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The Hermit House of Springettsbury Township

The Hermit House of Springettsbury Township (1963 Photo, The Library of Congress)

This past Spring I was out for a walk, heading east on Pleasant Valley Road in Springettsbury Township.  Just before reaching Alpine Road, I passed a remarkable stone house on the left.  At the same time a woman, also out for a walk, was approaching from the opposite direction.  I greeted her and made a comment about the stone house always being so well kept.  Her remark was, “Not always, you should have seen it when the hermit lived there.  It was a mess.  If they gave out prizes for the worst kept place, he’d win every time!”  Do you agree after seeing the above photo?


The Search for the Hermit House Photo

I asked a few questions of the woman.  She knew hardly any of the details that peaked my curiosity.  I wanted to know more.  I was especially eager to find a photo of the house when the hermit lived there based upon the outrageous description by this woman.  The booklet ‘Springettsbury Township Centennial 1891-1991,’ published in 1991, included a short bit about the Hermit House on page 57.  There was even a picture of the house, however I concluded it showed the house post-hermit, i.e. following restoration.

An Internet search revealed that this house was part of a Historic American Buildings Survey, with photographs taken in 1963; four years before the hermit died. The Historic American Buildings Survey (HABS) is the nation’s first federal preservation program, begun in 1933 to document America’s architectural heritage. The significance of including this house in the survey was “an interesting example of vernacular stone construction.”  The Prints & Photographs Online Catalog of the Library of Congress was the source for the photo shown above.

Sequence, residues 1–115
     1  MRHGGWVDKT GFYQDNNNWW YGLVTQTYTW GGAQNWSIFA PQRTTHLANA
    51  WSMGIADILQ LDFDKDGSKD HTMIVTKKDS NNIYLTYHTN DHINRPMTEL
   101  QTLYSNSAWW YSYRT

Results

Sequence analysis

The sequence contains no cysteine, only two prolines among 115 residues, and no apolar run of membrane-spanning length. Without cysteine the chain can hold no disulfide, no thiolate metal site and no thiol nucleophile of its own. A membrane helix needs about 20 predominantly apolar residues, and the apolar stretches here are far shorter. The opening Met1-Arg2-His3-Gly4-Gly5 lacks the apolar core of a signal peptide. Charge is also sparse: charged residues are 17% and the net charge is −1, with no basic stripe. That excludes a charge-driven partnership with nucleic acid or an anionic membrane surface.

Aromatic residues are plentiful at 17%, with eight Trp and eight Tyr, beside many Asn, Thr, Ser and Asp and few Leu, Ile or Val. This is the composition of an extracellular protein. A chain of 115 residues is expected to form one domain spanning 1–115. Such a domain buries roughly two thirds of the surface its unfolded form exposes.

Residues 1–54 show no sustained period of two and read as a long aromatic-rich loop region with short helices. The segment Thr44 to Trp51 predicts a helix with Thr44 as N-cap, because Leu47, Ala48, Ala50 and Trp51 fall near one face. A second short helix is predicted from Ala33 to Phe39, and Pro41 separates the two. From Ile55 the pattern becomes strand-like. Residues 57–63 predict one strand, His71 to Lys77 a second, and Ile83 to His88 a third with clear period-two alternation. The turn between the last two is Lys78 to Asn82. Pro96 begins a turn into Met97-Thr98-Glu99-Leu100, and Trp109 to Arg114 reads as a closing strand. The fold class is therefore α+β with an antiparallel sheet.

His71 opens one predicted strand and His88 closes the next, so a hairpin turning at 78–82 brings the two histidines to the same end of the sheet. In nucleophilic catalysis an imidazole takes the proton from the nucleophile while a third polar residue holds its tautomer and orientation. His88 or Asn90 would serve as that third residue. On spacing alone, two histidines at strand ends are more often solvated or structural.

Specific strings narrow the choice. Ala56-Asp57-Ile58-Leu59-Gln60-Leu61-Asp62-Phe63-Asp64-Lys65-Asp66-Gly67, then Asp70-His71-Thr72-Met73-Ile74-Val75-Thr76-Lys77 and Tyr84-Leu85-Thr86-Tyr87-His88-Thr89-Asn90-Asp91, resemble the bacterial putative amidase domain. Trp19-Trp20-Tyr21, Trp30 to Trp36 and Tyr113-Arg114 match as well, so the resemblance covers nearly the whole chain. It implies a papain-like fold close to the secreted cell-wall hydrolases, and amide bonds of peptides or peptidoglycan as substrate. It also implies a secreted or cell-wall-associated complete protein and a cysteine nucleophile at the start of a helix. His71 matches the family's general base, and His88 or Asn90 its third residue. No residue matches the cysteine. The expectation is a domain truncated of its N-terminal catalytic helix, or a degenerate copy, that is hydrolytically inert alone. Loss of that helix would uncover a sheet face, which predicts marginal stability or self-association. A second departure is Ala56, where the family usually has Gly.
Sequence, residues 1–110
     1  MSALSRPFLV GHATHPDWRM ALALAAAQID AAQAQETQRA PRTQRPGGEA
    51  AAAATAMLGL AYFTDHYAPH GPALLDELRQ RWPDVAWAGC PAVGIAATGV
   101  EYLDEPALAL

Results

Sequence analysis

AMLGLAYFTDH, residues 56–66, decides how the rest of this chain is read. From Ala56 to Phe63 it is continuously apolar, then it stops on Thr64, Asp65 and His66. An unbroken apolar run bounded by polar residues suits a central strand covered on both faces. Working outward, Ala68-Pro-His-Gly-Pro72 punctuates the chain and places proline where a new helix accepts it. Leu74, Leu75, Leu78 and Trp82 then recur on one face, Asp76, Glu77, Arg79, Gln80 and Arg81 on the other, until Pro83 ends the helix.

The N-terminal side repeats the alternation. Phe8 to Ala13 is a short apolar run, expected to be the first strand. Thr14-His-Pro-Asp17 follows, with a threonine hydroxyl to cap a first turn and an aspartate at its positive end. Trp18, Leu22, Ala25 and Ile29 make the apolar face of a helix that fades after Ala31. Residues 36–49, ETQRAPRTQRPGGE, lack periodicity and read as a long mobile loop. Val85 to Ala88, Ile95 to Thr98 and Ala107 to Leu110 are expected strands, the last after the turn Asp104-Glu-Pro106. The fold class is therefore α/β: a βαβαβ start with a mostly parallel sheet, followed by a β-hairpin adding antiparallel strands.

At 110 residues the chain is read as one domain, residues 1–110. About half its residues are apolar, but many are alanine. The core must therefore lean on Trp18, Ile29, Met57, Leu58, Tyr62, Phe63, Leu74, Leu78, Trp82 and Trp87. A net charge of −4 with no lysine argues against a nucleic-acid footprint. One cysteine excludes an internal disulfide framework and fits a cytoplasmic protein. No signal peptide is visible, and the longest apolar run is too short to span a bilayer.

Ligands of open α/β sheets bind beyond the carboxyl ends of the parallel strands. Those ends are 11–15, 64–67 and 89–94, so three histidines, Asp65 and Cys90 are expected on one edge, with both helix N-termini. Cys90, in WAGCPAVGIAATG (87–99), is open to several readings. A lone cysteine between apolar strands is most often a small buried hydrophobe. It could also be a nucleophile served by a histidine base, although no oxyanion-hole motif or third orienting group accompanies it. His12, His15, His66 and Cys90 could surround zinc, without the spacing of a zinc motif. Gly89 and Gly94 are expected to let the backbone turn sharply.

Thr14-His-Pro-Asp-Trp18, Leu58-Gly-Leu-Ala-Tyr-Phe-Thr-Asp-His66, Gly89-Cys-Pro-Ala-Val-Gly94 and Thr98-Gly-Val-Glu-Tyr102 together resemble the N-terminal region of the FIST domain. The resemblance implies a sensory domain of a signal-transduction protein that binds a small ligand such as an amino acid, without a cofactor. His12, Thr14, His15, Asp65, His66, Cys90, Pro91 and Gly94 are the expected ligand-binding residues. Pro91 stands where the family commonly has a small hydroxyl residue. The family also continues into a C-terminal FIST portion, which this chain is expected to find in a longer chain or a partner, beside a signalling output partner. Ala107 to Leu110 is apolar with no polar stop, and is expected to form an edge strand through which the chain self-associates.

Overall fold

The architectural assessment by the HABS placed the date of construction as circa 1810.  The Springettsbury Township booklet stated the house was built in 1740.  In future posts I’ll explore a way to resolve which date is closer to the truth.  Hint; it has something to do with a tax officially known as the 1798 U.S. Direct Tax; however more commonly called the “Glass Tax.”

Local Memories about the Hermit

The booklet ‘Springettsbury Township Centennial 1891-1991’ contained the following local memories about the hermit:

Preston Chronister told us the hermit lived in this house without electricity, heat, plumbing or running water. Plumbing is undeniably one of the most vital aspects of your home, and when you encounter issues, seeking assistance from Graham and Sons, a trusted and reliable plumber, is an absolute necessity. He heated by use of wood fires in old stoves and lighted his way with lanterns.  He enjoyed eating prunes, shredded wheat, cheese, and sardines.  He also ate fruit from the surrounding areas–some from the fields of neighboring farms, without the farmers’ permission.

When the hermit would venture into the community, he was known to buy items using coins all dated the same year.  He bought groceries at a grocery store in the Stony Brook area.  The owners of this store shared this comment with us.

The hermit collected many items during his life and stored them in a haphazard and disorganized manner throughout the house.  However, he was very particular with his firewood and with his opened cans.  He cut all his firewood exactly the same length, using a measuring stick, and stacked it very neatly.  Likewise, he saved all the cans he opened and stored them inside each other.

The HABS data sheet stated that the Hermit House was restored in 1974. The booklet ‘Springettsbury Township Centennial 1891-1991’ further noted that the house was restored under the direction of Joe Kindig.  For a true before and after comparison, the day after I discovered the Hermit House photo, I had my camera with me as I walked by the house on March 14, 2012.  Remember, this is a PRIVATE home; please respect their privacy.

House along Pleasant Valley Road in Springettsbury Township (2012 Photo by S. H. Smith)

Look for the YorksPast post this Friday, when I delve into some Family History discovered about the Hermit.  I’ll also discuss my plan of action for resolving which date of construction is closer to the truth.

Links to related posts include:

Illustrating a walking route to Miller’s One-Room Schoolhouse

Reading the Headlines: A Quick Index to All YorksPast Posts